Johnson to face lawmakers at PMQs
British Prime Minister Boris
Johnson must change the culture of Downing Street after a series
of revelations that staff partied while ordinary people were
grappling with COVID-19 lockdowns, Foreign Secretary Liz Truss
said on Wednesday.
Johnson, who in 2019 won the biggest Conservative majority
in more than 30 years, is braced for the publication of an
official investigation into claims that there were multiple
boozy Downing Street parties during lockdowns.
It was not immediately clear when the results of that
investigation by Cabinet Office official Sue Gray would be
published, especially as police have opened their own
Truss, tipped as a possible future prime minister if Johnson
is toppled, said Downing Street had not yet been given the
findings of the Gray report but that it would come out very
Asked about the claims that Johnson and his staff had
partied at the heart of the British state while ordinary people
were banned from even bidding farewell to their dying relatives
in person, Truss said some of the reports were concerning.
"There clearly needs to be a change in culture," Truss told
the BBC. "We need to get the results of the report, we need to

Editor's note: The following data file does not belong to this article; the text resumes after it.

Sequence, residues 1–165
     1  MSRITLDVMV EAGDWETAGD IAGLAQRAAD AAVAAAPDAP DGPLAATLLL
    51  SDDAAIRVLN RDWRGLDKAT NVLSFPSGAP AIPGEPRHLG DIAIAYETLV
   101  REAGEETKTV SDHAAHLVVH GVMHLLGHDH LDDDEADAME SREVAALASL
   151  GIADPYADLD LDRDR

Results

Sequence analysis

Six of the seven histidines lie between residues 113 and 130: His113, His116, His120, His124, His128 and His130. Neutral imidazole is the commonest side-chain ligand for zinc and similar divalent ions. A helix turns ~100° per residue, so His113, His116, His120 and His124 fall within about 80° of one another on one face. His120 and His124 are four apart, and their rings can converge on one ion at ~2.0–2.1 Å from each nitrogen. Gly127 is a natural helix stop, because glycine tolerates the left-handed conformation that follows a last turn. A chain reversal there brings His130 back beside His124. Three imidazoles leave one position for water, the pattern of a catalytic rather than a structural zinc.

look at the results and fix the issues there are."
Asked if she had leadership ambitions, Truss said Johnson,
57, had done a great job as prime minister by delivering Brexit
and responding to the COVID pandemic. Truss said she was 100%
supportive of Johnson.
Johnson has given a variety of explanations about the
parties: first he said no rules had been broken but then he
apologised to the British people for the apparent hypocrisy of
He has denied an allegation he was warned that a "bring your
own booze" lockdown gathering on May 20, 2020, which he says he
thought was a work event, was inappropriate.
ITV reported on Monday that Johnson and his now wife Carrie
had attended a surprise party of up to 30 people for his
birthday in the Cabinet Room at Downing Street in June 2020,
when indoor gatherings were banned.
To trigger a leadership challenge, 54 of the 359
Conservative MPs in parliament must write letters of no
confidence to the chairman of the party's 1922 Committee.